I would recommend up to 50 hosts in a lab environment with SQL Server and all VMM components installed on a single VM. It will work well, but I would not recommend this installation in a production environment.

Medium and enterprise environments

In a medium- or large-scale environment, the best practice is to split the roles across multiple servers or virtual machines. By splitting the components, you can scale out and introduce high availability to the System Center environment.

In the following design, you can see each component and what role it performs in the System Center Virtual Machine Manager environment:

When designing an enterprise private cloud infrastructure, you should take into consideration some key factors such as business requirements, company policies, applications, services, workloads, current hardware, network infrastructure, storage, security, and users.

Private cloud sample infrastructure

Following is a sample of a real-world infrastructure that can support up to 3000 VMs and 64 server nodes running Windows 2012 Hyper-V.

The number of VMs you can run on an implementation like this will depend on some key factors. Do not take the following configuration as a mirror for your deployment, but as a starting point. My recommendation is to start understanding the environment, then run a capacity planner such as a MAP toolkit. It will help you gather information that you can use to design your private cloud.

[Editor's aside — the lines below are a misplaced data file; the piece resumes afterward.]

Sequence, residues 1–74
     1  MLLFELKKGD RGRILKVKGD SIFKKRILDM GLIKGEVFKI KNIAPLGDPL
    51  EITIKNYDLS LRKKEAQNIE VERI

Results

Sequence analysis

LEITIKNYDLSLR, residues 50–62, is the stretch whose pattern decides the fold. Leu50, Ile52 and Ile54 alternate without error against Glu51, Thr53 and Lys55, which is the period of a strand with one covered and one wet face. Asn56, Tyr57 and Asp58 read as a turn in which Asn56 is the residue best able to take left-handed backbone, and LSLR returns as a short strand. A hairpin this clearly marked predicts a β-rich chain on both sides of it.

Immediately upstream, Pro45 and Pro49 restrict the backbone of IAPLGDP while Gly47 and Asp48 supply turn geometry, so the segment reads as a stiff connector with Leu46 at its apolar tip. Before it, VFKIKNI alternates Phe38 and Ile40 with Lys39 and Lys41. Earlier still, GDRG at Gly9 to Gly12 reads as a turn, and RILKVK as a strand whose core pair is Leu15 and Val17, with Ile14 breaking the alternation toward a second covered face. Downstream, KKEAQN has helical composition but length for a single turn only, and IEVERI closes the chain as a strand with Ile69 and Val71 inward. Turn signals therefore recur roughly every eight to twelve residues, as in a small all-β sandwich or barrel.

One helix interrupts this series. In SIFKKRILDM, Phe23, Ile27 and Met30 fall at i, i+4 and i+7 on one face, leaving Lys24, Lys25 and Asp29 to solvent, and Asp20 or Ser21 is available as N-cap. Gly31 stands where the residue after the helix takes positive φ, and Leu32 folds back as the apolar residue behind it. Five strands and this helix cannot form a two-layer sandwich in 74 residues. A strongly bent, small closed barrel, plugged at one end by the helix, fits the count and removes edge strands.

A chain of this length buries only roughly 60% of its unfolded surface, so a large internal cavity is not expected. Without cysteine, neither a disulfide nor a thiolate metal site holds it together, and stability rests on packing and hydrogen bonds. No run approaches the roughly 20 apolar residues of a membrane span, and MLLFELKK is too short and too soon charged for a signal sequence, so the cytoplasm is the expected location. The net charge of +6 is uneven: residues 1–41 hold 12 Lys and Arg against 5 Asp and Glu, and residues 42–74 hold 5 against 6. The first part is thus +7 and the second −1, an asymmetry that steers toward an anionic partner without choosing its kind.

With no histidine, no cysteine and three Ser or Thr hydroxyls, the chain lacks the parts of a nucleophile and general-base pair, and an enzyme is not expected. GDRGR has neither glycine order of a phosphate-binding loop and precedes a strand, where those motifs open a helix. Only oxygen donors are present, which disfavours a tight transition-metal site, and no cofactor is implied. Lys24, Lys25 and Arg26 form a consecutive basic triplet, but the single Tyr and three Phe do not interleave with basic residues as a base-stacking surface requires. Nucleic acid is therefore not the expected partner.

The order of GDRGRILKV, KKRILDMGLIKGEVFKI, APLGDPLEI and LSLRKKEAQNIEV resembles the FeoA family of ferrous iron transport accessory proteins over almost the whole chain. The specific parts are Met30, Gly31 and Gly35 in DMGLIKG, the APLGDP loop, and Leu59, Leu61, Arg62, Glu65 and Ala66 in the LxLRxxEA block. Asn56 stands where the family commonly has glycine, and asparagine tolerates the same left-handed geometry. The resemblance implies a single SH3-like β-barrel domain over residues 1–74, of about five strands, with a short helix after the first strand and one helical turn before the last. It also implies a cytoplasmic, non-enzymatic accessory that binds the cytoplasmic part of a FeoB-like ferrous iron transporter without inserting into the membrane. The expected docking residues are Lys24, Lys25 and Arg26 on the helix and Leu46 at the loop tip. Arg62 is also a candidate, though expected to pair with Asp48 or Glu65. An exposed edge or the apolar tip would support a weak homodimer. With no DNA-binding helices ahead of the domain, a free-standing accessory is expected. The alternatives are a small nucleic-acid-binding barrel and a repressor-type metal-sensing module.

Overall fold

I am assuming a ratio of 50 VMs per node cluster with 3 GB of RAM, configured to use Dynamic Memory (DM).

  • Servers

    • 64 servers (4 clusters x 16 nodes)

    • Dual processor, 6 cores: 12 cores in total

    • 192 GB RAM

    • 2 x 146 GB local HDD (ideally SDD) in Raid 1

  • Storage

    Switch and host redundancy.

    • Fiber channel or iSCSI

    • Array with capacity to support customer workloads

    • Switch with connectivity for all hosts.

  • Network

    A switch with switch redundancy and sufficient port density and connectivity to all hosts. It provides support for VLAN tagging and trunking. NIC Team and VLAN are recommended for better network availability, security, and performance achievement.

  • Storage connectivity

    • If it uses a fiber channel: 2 (two) x 4 GB HBAs

    • If it uses ISCSI: 2 (two) x dedicated NICs (recommended 10 GbE)

  • Network connectivity

    • If it maintains a 1 GbE connectivity: 6 dedicated 1 GbE (live migration, CSV, management, virtual machines' traffic)

    • If it maintains a 10 GbE connectivity: 3 dedicated NICs 10 GbE (live migration, CSV, management, virtual machines' traffic)

Hosting environments

System Center VMM 2012 SP1 introduced multitenancy. This is one of the most important features for hosting companies as they only need to install a single copy of System Center VMM, and then centralize their customer management, each one running in a controlled environment in their own domain.

See also

 

Planning for high availability